In reality, an award can be something intangible or just part of a goal. For me, it’s bragging rights. Take today, for example. I just completed my first “run” since I was in high school. It was only about a third of a mile, but it was an accomplishment considering I couldn’t do it this time last year.
My award, knowing I just took 2,000 steps towards looking like Captain America for Halloween.
In reality, an award system needs to be something that drives you to succeed. Something that you enjoy that is the icing on the cake. Whether it’s real cake or something metaphoric, the award has to drive you to greatness.
What Do You Have to Do to Gamify Health?
Anyone can gamify almost anything if they put their minds to it. Whether you buy an Xbox Kinect or you like setting personal records, it really depends on how you view health and fitness to begin with.
Change Your Mindset
Your mindset is perhaps one of the biggest hurdles to overcome when it comes to being healthy. I’m not just talking about depression, although that by itself can greatly alter what and how much you eat. I’m talking about simply being happy living the way you do.
Sure, I could say to hell with it and just be happy being obese. The problem is, I’d rather be alive and happy. Being overweight, for me, is nothing to be proud of. It greatly shortens lifespans, causes a variety of health issues and prevents you from doing many things.
I know some people think I’m probably going to start fat-shaming. That’s not what I am trying to do. I am simply pointing out that you can be happy and healthy instead of simply content with life.
Personally, I am excited to go hiking again without having to stop every five feet to catch my breath. I would love to be on a city league for a sport. And I love the idea of shopping without straining myself when I have to lift something heavy.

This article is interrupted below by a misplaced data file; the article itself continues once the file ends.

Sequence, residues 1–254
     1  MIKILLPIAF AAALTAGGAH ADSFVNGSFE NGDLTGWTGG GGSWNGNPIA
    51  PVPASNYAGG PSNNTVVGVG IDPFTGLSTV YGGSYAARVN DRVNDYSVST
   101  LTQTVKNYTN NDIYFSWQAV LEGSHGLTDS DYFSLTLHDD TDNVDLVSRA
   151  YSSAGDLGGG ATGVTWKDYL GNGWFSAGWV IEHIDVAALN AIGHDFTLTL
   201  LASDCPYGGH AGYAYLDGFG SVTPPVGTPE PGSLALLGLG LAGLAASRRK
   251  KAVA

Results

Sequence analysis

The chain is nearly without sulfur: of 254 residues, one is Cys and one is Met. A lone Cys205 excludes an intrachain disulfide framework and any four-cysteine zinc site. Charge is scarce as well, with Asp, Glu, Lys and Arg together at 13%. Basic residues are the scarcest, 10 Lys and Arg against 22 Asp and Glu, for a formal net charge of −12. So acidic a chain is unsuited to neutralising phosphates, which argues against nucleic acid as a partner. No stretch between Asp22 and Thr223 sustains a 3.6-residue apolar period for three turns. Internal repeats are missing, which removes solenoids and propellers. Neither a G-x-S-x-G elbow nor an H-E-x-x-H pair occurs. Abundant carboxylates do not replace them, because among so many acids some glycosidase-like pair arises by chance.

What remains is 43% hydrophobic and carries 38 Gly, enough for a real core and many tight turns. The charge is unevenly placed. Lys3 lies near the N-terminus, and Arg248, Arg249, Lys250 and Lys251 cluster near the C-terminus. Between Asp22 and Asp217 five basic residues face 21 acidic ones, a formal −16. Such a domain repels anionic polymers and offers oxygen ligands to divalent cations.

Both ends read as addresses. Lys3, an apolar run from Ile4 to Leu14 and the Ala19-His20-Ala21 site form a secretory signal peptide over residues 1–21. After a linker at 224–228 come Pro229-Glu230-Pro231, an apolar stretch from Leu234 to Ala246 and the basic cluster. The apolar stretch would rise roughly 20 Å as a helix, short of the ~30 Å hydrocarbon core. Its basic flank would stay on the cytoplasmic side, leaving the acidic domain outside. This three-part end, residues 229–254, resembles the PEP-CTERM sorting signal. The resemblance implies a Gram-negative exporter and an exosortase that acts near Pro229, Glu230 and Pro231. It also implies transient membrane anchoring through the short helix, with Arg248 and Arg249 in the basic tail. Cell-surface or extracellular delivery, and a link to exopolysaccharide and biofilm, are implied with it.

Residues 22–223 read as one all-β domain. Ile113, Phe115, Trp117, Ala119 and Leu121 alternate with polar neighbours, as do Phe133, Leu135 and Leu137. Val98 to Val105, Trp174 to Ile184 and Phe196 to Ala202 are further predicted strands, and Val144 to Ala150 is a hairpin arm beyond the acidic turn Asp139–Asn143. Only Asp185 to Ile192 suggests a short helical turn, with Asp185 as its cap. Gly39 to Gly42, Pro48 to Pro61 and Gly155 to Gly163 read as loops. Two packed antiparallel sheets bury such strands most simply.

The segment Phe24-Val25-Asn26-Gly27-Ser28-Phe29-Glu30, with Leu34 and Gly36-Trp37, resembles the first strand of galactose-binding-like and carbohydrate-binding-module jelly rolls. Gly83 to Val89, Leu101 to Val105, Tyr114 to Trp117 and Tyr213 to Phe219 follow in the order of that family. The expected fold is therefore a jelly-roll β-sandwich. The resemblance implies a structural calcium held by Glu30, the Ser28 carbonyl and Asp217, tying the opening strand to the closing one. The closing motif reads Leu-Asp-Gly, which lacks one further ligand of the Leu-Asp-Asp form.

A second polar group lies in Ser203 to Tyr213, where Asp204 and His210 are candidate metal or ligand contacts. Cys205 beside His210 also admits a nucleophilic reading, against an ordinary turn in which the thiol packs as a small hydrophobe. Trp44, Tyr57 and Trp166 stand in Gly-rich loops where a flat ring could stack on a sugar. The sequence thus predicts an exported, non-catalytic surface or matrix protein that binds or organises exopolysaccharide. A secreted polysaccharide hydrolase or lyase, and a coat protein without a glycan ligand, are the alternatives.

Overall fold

Be Willing to Alter Your Habits
One reason why a lot of people fail at diets and trying to lose weight is because of their unwillingness to alter their habits. I know many people simply have a hard time trying to be healthy. I’m talking more about the people who absolutely refuse to eat healthier because they are lazy or don’t want to give up Mickey Ds.
I believe that you don’t fully have to give up the “bad” stuff to be healthy. However, you need to develop a habit of adding “good” stuff as well. It’s OK to have a Big Mac once in a while as long as you can maintain physical activity and add in a healthy snack. Fast food should be more of a special occasion type of thing, not a staple of life.
Trust me. I know how hard it is to break certain habits. But if you want to be healthier and live longer, the ends justify the means.
Let the System Work For You
In order for any healthy decision to work, you have to let it. That includes the prospect to gamify health and fitness. If you go in with the mindset that you’ll fail, chances are you will. This is problematic for many people on diets and exercise routines.
If you truly want to gamify health and fitness, you have to let it work. You need to embrace the idea that it’s going to be beneficial for you in the long run. Otherwise, it will become that much harder to succeed whether you’re trying to lose weight or break a personal record.
A lot of people get cranky when there are no immediate results. You need to realize that health and fitness isn’t an overnight fix. It takes a great deal of work and effort. Even those who have weight loss surgeries are subject to live unhealthy lives if they don’t change their way of eating.
If you find a good method to gamify health and fitness for yourself, let it work for you. Don’t let the lack of instant gratification dissuade you from improvement.
You Are Your Own Worst Adversary
A lot of people get exceptionally cranky when they don’t win. This is especially true in online gaming, such as playing League of Legends or Smite. Gamification doesn’t have to be filled with those kinds of environments. To properly gamify health and fitness, it’s really up to each individual person to find what works best with him or her. Some people only need a simple push from “friends” on Fitbit while others need that engaging competitive edge to keep them motivated.
It all boils down to how you adapt to bringing a gaming atmosphere into being healthier and living longer.